I wasn’t expecting to receive my Wacom Companion until after I returned to California, but I received an e-mail from Wacom saying they shipped my tablet.
It was like waking up on Christmas morning to find out your parents bought you a pony, a diamond pony. I’ve never owned a diamond pony but I imagine this is what it would feel like. Diamond pony tablet of awesomeness.
I quickly changed the shipping address to my hotel in Renton so that I could start using it immediately, plus I wanted to make the other guys jealous. Sam ended up getting his the day before I got mine, so I went to his room and oohed and aahed over his new tablet. He let me look at the stylus case. It was pretty.
The next day I think I checked the status of my package every 30 minutes. I ended up having to wait until I got off of work before I could play with my new tablet.
Let me say this, it is a lovely piece of equipment. Everything that came with the tablet is top-notch and almost perfectly designed. Here are some quick specs.
• Display Size 13.3 inch
• Full HD 1920 X 1080
• 2048 levels pen pressure, natural feel and multi-touch
• ExpressKeys™, Rocker Ring, Home Button, on-screen controls
• Adjustable stand
• Windows 8
• Intel® Core™ i-7
• RAM 8 GB DDR3
• 256 or 512 GB Solid State Drive (SSD)
• Dimensions 375 ｘ 248 ｘ 17 mm / 14.8 x 9.8 x 0.7 in
• Weight 1.8 kg / 3.9 lbs
• Price $1999 (256 GB SSD) $2499 (512 GB SSD)
I should probably mention that I bought the smaller 256 GB version. My Fujitsu only had 80 GB and my Asus had 64 GB so 256 seemed like plenty for me, plus it would save me $500.
I finally finished the video tutorial. If you don’t like reading, you can watch it instead.
The Stylus Case
As soon as you see the case you think “Man, this thing is fancy.” Fancy indeed.
Each individual nib has its own slot and there are several different colored rings that you can use to give your stylus a more unique look. It also comes with a metal ring to help you change the nibs.
The design of the stylus itself is also very impressive. While the design is very similar to the previous versions, it has a few nice additions like the metal ring around the trigger buttons.
The case is heavy. Heavy is good, heavy is reliable. If it doesn’t work you can always hit someone with it.
The Carrying Case
I guess I forgot that the Companion comes with a carrying case because I was surprised to see one.
It is a simple case, but very well designed. There is a special slot for the stylus case, the tablet, and an extra little section where you can put other things like the cleaning cloth. The case is made out of neoprene with a soft interior. It zips closed and has an extra magnetic flap that closes over it.
You might wonder if I can write an accurate review given the fact that I just got it a couple of days ago. In the past two and a half days I have clocked over 20 hours of painting time in Photoshop on the Wacom Companion.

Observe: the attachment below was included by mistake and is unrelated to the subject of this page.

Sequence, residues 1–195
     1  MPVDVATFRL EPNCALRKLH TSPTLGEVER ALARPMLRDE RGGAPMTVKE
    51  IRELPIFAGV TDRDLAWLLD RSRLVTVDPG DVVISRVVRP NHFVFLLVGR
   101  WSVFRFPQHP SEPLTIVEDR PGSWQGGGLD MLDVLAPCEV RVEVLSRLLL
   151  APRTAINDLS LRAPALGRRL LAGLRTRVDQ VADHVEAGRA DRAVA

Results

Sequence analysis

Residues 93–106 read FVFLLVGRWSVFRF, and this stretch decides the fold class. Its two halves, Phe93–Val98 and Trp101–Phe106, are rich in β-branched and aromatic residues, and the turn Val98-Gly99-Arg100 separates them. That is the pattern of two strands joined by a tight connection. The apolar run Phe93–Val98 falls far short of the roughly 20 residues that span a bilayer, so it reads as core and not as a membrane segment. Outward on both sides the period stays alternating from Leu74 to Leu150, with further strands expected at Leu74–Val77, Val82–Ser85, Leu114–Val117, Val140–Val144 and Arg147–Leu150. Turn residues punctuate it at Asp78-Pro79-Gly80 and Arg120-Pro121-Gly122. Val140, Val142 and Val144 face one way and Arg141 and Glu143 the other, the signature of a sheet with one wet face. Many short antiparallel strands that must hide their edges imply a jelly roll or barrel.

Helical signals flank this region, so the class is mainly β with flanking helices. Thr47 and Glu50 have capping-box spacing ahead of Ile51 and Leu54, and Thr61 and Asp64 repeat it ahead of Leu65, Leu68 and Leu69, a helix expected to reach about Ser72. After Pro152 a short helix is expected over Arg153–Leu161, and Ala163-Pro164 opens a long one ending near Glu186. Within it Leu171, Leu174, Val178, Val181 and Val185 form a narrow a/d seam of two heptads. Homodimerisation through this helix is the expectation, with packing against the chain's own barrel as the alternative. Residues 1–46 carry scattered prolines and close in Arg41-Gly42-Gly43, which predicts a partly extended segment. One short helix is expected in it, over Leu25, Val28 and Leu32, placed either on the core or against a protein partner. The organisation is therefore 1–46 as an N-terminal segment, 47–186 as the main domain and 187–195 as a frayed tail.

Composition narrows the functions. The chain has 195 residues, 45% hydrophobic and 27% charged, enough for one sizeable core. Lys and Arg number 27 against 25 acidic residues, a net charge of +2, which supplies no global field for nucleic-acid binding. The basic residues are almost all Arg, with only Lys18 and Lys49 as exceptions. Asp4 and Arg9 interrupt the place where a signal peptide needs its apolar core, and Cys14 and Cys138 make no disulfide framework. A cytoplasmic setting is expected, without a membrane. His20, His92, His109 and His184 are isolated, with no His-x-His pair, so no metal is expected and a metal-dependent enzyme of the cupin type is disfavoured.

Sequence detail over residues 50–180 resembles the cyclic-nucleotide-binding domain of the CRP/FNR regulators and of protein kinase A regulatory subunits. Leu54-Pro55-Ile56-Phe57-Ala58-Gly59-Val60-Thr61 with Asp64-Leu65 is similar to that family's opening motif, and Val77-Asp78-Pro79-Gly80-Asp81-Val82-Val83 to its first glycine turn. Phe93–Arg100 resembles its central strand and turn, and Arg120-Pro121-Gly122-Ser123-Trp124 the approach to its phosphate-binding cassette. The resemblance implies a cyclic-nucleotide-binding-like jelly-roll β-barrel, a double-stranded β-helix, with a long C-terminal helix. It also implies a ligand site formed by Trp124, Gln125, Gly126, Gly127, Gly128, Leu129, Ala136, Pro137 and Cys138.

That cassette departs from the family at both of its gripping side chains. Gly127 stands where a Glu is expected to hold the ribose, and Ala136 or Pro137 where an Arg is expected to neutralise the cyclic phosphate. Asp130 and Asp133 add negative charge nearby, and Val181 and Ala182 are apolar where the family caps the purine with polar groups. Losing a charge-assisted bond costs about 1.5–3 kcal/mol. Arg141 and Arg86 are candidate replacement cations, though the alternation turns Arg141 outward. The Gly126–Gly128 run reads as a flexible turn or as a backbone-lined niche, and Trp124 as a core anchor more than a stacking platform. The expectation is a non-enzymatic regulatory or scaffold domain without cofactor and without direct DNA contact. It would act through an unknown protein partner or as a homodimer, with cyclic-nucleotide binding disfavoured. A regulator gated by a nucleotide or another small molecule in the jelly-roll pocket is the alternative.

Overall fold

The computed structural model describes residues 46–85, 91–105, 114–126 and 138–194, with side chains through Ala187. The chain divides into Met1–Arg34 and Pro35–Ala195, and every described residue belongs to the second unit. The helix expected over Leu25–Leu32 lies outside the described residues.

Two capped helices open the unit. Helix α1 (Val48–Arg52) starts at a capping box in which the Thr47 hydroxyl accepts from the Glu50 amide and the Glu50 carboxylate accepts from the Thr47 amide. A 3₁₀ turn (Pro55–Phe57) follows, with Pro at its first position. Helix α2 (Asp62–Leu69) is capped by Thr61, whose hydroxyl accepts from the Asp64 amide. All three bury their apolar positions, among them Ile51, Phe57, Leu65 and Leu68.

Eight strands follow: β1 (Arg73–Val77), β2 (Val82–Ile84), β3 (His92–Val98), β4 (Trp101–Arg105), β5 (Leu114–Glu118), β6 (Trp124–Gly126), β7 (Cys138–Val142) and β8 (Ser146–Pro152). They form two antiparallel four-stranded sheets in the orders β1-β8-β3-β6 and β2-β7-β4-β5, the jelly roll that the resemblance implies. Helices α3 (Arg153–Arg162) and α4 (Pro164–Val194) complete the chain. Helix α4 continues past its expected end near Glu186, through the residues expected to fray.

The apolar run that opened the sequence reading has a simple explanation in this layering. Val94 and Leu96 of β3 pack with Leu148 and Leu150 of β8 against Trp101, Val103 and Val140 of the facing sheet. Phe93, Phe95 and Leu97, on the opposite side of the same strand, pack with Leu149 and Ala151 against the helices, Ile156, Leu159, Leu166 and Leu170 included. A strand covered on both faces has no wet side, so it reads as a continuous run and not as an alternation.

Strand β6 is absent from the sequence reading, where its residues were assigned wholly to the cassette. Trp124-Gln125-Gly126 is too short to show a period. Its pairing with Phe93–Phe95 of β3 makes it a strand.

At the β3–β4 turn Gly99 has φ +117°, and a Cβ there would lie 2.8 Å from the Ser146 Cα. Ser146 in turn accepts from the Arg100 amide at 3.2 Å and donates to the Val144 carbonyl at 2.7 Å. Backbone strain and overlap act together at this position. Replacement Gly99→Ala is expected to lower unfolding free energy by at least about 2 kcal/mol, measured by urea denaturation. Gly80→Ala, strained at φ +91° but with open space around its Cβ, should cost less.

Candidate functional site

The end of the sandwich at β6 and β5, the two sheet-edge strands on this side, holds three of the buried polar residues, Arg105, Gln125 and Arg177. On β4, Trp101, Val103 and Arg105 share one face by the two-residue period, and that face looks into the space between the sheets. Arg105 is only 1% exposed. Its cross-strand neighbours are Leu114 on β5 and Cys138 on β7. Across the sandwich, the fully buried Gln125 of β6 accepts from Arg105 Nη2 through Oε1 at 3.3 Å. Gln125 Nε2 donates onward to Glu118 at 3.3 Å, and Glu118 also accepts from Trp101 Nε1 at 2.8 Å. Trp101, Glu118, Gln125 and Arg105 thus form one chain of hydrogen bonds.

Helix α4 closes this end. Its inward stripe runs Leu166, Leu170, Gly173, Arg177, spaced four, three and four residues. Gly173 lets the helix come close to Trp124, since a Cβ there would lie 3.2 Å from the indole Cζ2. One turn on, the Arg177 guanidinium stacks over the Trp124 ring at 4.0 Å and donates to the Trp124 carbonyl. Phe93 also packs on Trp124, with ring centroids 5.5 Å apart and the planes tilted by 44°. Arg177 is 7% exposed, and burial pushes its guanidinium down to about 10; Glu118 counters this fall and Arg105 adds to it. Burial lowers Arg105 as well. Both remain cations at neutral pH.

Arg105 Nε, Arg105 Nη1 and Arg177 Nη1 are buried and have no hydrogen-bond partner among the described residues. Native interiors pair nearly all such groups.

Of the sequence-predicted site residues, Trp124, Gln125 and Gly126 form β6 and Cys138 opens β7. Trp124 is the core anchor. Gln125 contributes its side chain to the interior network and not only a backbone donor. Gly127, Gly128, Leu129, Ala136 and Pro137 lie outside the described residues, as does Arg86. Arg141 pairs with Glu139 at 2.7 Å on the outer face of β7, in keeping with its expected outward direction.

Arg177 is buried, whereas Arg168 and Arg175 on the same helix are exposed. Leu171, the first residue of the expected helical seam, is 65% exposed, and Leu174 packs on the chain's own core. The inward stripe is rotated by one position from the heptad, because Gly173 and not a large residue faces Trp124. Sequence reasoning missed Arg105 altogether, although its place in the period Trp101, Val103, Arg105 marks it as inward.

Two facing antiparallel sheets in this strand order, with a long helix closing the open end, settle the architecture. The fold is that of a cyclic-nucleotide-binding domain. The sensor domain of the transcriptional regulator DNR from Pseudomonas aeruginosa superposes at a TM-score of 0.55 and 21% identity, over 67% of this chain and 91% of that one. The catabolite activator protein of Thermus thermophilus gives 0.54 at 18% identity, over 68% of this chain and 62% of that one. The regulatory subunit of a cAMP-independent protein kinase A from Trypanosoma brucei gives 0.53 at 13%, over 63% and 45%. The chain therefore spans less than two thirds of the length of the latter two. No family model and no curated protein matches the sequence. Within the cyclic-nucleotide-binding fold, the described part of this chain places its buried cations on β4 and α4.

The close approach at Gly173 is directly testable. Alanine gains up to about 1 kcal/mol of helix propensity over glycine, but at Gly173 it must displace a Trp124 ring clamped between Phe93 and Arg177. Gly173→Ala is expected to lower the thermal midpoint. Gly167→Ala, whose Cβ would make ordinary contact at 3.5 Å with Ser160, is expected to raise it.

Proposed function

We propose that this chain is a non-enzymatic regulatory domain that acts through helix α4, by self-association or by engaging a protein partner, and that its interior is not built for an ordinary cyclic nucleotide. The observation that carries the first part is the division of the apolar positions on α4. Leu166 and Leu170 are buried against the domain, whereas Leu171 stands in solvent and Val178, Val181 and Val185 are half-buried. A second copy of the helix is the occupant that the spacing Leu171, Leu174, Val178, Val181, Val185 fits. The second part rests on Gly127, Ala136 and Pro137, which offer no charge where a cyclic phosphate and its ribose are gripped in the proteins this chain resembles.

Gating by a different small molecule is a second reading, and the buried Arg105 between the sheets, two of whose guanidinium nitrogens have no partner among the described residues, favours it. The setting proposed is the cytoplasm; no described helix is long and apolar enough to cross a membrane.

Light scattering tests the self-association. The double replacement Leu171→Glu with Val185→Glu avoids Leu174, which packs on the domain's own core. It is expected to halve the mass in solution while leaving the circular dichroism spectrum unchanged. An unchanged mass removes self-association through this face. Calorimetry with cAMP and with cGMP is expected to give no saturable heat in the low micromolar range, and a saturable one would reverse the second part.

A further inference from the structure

At first I encountered several problems with my tablet. The first problem I found was that my tablet drivers would turn off randomly. The computer wouldn’t recognize the stylus at all and the express keys wouldn’t work. If you tried going to the Wacom control panel, you would receive an error message saying that there are no drivers installed. The only way to fix it would be to restart your computer or restart the “Wacom Professional Service” under the “Services” window.
If that wasn’t bad enough, I was experiencing extreme lag while working in Photoshop. It was so bad that it made painting extremely difficult. I tried just about everything. I reinstalled the tablet drivers, turned off Open GL, changed the amount of RAM Photoshop uses, changed the Open GL settings to Normal, Basic, and Advanced, I turned off various features in Photoshop, I turned off touch, I tried both the 32 and 64 bit version, I tried CS5, I changed the cache and tile size, I tried documents of various sizes, nothing helped.
I even tried changing the power options, but that didn’t help either. What I didn’t realize was that the “high performance” energy option is hidden by default. I must have not noticed this or maybe I was too distracted by the fact that my new computer didn’t work very well, either way, I didn’t try the high performance option. After contacting Wacom, they suggested switching to the high performance option. Luckily this completely fixed the problem.
I still have problems with the tablet driver randomly turning off, so I’m not entirely sure how to fix that. It seems to happen when I’m either messing with the express keys or when I’m using the on-screen keyboard. My other friends don’t have this problem, so it seems like I’m the lucky one.
There is also the cursor drift issue when you get near the edges of the screen. Every tablet PC I have used has this problem and I hear that Cintiqs have this problem too. While it still doesn’t make it ok that all of these devices have this problem, it wasn’t unexpected. Update – Wacom just released the new 6.3.7-5 drivers and they seem to have helped with the cursor drift around the edges of the screen.
One big gripe I have about the design is the placement of the power button. For some reason they decided to place the power button on the right side of the tablet near the bottom.
If I’m not working at a desk, I usually have to move the tablet around by grabbing the sides of the tablet, which is where power button is. I can’t count how many times I accidentally put my computer to sleep while trying to reposition my tablet.
My friend Sam kept doing the same exact thing. I think it would have been better to place the power button on the top instead of the side, or at least on the top of the side instead of the bottom. -1 for poor button placement.
Power adapters with a tiny pin also make me really nervous. The Asus EP121 has that same adapter pin, and mine ended up snapping in half. If you have ever had to replace an adapter, you know they are extremely expensive.
Speaking of adapters, Wacom decided to put the Windows 8 product key on the adapter. When you are setting up your computer for the first time and Windows asks you for your product key, look at your adapter. It took me the longest time before I realized where they put it. It is funny because a few of my friends couldn’t figure out where the key was either.
Performance in Photoshop CC